Latest news on Russia and the war in Ukraine



Ukrainian mayor urges residents of Russian-occupied areas not to cooperate in referendums

The Ukrainian mayor-elect of the city of Melitopol urges residents of Russian-occupied areas not to participate in the so-called “referendums” organized by the Russian authorities.

“We call on residents of the occupied territories not to participate in the pseudo-referendum in any way,” Ivan Fedorov wrote via Telegram.

“Participating in it means supporting the bloody plan to escalate the war against Ukraine, voluntarily integrating into a closed totalitarian society, assuming part of the responsibility for war crimes, accepting the mobilization of elderly men from 16 to 55 years old to replenish the cannon fodder of the Russian army, to commit a criminal offense.”

“Do not open the door to agitators. Do not go to polling stations. Completely ignore the whole electoral process. Stay as far away as possible from Russian military and enemy equipment. Our heroic Armed Forces of Ukraine will definitely liberate all occupied territories of racism,” Federov said, adding that “most importantly, participating in a pseudo-referendum is the worst betrayal.”

—Natasha Turak

Voting on referendums begins in Russian-occupied Ukrainian territories

People arrive to receive Russian passports at a center in Kherson after Russian President Vladimir Putin signed a decree making it easier for residents of Kherson and Melitopol regions to obtain passports in Kherson, Kherson Oblast , in Ukraine, on July 21, 2022.

Anadolu Agency | Getty Images

Voting begins on referendums in Russian-occupied areas, Russian state media reported.

“Voting started at 08:00 in the DPR and LPR, as well as in the Kherson region and the liberated territories of the Zaporozhye region,” the official Tass news agency said.

Western and Ukrainian officials have denounced the “referendums” as a sham. Many fear that Russia will rig the votes in its favor and then use the result as justification to annex these territories as Russian and subsequently use nuclear or other unconventional weapons against Ukrainian forces trying to recover them. .

—Natasha Turak

Putin’s nuclear ultimatum to the West increases disaster risk

Speaking in a rare televised address on Wednesday, Putin warned that if Russia’s territorial integrity were threatened, the Kremlin would “certainly use all means at our disposal to protect Russia and our people. This is not a bluff”.

Gavriil Grigorov | AFP | Getty Images

Russian President Vladimir Putin’s nuclear threats against the West increase the risk of a nuclear conflict, analysts and activists have warned.

This comes shortly after Putin called in additional forces for the war in Ukraine and warned that if Russia’s territorial integrity were threatened, the Kremlin would “certainly use all means at our disposal to protect Russia and our people”. It’s not a bluff.”

Beatrice Fihn, Nobel laureate and executive director of the International Campaign Against Nuclear Weapons, told CNBC that Putin’s “incredibly dangerous and irresponsible” threats greatly increase the risk of escalation into nuclear conflict.

Read the full story here.

—Sam Meredith

Zelensky urges Russians to protest Putin’s mobilization order

Ukrainian President Volodymyr Zelenskyy visits the Kharkiv region for the first time since Russia launched the attacks on his country on February 24, in Kharkiv region, Ukraine, May 29, 2022. (Ukrainian Presidency Photo/ Handout/Anadolu Agency via Getty Images)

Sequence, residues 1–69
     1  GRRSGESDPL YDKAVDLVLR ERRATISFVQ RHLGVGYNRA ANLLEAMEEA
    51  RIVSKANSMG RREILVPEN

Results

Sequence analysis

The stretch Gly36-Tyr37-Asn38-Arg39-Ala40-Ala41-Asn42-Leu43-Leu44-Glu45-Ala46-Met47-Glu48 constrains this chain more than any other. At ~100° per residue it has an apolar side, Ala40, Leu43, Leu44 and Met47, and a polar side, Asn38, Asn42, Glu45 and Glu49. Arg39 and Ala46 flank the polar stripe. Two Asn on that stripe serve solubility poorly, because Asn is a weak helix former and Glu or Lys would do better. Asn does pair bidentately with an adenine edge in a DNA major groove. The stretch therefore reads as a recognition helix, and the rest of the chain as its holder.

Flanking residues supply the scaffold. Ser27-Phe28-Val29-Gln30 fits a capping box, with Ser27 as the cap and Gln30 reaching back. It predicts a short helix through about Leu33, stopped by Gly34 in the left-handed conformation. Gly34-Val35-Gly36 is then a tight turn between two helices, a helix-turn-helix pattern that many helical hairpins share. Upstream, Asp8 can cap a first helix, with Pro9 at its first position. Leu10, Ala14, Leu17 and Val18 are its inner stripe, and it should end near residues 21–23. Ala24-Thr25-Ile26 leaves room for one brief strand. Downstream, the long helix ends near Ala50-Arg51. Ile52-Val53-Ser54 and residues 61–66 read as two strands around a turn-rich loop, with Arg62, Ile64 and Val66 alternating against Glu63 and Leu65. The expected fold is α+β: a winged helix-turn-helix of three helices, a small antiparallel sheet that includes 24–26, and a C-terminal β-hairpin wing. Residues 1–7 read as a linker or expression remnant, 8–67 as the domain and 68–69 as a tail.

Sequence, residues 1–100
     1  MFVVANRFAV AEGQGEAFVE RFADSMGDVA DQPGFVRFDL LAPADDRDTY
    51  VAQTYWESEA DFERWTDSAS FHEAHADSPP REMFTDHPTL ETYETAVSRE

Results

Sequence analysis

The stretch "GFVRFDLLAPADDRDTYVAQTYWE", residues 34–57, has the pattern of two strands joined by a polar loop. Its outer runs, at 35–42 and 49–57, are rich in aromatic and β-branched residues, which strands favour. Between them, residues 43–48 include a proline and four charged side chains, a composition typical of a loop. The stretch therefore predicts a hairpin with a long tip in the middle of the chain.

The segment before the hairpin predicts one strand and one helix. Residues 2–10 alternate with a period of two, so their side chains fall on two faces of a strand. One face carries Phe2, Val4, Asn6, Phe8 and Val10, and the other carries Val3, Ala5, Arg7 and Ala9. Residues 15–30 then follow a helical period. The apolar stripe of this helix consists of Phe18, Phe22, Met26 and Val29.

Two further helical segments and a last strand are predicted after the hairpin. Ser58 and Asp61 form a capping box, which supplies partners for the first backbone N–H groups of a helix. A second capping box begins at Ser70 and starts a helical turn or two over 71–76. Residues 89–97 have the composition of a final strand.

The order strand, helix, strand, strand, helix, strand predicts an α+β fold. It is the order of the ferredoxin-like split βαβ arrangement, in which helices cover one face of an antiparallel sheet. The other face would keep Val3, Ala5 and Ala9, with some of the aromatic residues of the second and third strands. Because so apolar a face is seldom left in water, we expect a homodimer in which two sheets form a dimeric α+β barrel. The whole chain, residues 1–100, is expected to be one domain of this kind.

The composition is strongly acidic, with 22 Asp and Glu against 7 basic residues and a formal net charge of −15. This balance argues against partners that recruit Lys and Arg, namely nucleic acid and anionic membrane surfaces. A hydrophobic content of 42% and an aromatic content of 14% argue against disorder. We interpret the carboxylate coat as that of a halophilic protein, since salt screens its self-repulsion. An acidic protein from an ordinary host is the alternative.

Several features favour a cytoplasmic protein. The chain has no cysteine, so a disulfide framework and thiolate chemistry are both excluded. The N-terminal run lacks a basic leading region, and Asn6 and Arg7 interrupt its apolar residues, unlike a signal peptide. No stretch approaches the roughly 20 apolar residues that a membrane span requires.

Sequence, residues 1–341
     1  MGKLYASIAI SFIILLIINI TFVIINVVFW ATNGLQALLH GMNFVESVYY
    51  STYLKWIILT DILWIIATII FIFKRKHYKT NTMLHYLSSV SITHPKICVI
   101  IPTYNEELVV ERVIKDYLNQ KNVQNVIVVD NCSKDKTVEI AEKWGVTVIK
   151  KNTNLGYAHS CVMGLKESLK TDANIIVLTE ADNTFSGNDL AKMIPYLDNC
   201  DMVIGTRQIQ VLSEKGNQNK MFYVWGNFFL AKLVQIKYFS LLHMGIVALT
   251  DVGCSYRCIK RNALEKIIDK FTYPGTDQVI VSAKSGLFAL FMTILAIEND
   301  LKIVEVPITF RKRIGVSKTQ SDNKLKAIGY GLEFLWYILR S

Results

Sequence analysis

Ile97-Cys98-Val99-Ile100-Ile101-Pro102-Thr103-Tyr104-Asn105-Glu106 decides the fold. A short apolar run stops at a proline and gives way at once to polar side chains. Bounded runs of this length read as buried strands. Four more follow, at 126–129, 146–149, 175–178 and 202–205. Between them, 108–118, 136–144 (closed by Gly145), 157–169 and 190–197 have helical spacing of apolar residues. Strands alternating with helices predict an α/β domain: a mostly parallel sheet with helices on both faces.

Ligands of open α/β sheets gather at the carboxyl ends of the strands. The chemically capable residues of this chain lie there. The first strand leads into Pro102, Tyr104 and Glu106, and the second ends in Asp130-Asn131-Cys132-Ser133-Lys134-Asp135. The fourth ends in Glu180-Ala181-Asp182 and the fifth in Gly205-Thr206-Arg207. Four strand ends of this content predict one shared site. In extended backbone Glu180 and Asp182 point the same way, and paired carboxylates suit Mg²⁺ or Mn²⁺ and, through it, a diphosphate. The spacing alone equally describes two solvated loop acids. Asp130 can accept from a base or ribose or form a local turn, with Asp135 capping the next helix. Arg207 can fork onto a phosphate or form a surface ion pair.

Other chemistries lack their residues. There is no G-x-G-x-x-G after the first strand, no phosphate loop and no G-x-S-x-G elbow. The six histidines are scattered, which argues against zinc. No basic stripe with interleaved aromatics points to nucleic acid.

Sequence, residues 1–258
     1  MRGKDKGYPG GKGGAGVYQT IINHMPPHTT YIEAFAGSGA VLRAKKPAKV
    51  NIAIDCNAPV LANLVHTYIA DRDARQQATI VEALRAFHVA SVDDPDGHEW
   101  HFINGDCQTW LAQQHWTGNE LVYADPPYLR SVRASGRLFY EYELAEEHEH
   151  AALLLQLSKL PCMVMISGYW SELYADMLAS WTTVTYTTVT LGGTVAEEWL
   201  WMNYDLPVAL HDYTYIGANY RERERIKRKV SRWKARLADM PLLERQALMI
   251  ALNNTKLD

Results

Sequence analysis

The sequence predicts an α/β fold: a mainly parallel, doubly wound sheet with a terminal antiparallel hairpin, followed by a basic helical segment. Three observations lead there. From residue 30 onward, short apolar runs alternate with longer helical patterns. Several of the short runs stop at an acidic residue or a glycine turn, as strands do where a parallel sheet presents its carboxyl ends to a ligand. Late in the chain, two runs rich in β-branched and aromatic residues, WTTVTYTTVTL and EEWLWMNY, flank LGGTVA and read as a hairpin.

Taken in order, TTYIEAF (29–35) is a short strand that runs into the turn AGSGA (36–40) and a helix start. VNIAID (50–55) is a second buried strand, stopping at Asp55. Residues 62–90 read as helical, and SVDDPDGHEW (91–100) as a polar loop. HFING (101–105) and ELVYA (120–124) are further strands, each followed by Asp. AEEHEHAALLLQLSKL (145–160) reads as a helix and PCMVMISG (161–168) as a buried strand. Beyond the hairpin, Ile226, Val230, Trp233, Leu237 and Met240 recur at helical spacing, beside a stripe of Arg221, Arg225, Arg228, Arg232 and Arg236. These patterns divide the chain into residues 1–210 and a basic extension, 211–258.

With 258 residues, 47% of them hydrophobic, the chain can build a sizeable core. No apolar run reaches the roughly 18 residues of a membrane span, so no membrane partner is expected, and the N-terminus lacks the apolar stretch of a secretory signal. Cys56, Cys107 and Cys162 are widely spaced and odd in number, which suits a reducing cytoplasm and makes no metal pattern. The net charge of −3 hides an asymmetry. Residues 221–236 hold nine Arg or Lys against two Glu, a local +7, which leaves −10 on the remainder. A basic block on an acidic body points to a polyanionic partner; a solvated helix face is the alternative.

Ukrainian Presidency | Anadolu Agency | Getty Images

Ukrainian President Voldomyr Zelensky has urged Russians to protest President Vladimir Putin’s announcement that he would mobilize 300,000 Russian troops for the war.

“I will explain what happens to Russians in Russian,” said Zelenskyy, speaking Russian in a nightly address on Telegram messaging app.

“55,000 Russian soldiers died in this war in six months. Tens of thousands are injured and maimed. Do you want more ? Nope ? So protest. ” he added.

Zelenskyy said Russia’s mobilization of additional troops, the first since World War II, is proof that the Kremlin’s mighty army has faced stiff resistance from Ukrainian forces.

“The Russian leadership is reacting precisely to the fact of Ukrainian strength by changing tactics and trying to draw even more Russian citizens and resources into the war,” he said.

—Amanda Macias

Russian Foreign Minister leaves UN Security Council meeting on Ukraine early

Russian Foreign Minister Sergei Lavrov gives an annual press conference on Russian diplomacy in 2021, in Moscow on January 14, 2022.

Dimitar Dilkoff | AFP | Getty Images

Russian Foreign Minister Sergei Lavrov left a United Nations Security Council meeting shortly after defending his country’s war in Ukraine.

Lavrov, who arrived late for the meeting and missed remarks by US Secretary of State Antony Blinken and other US allies, accused Kyiv of openly threatening Russia’s security.

“Over the past few years, the Kyiv regime has carried out a frontal attack on the Russian language. It has brazenly violated the rights of Russians and Russian speakers in Ukraine,” Lavrov said.

“Everything I said today simply confirms that the decision to carry out the special military operation was inevitable,” he added, using the Kremlin term for his invasion.

After he finished speaking, he left the UN chamber, and his deputy Sergey Vershinin remained on duty.

—Amanda Macias

Read CNBC’s previous live coverage here:

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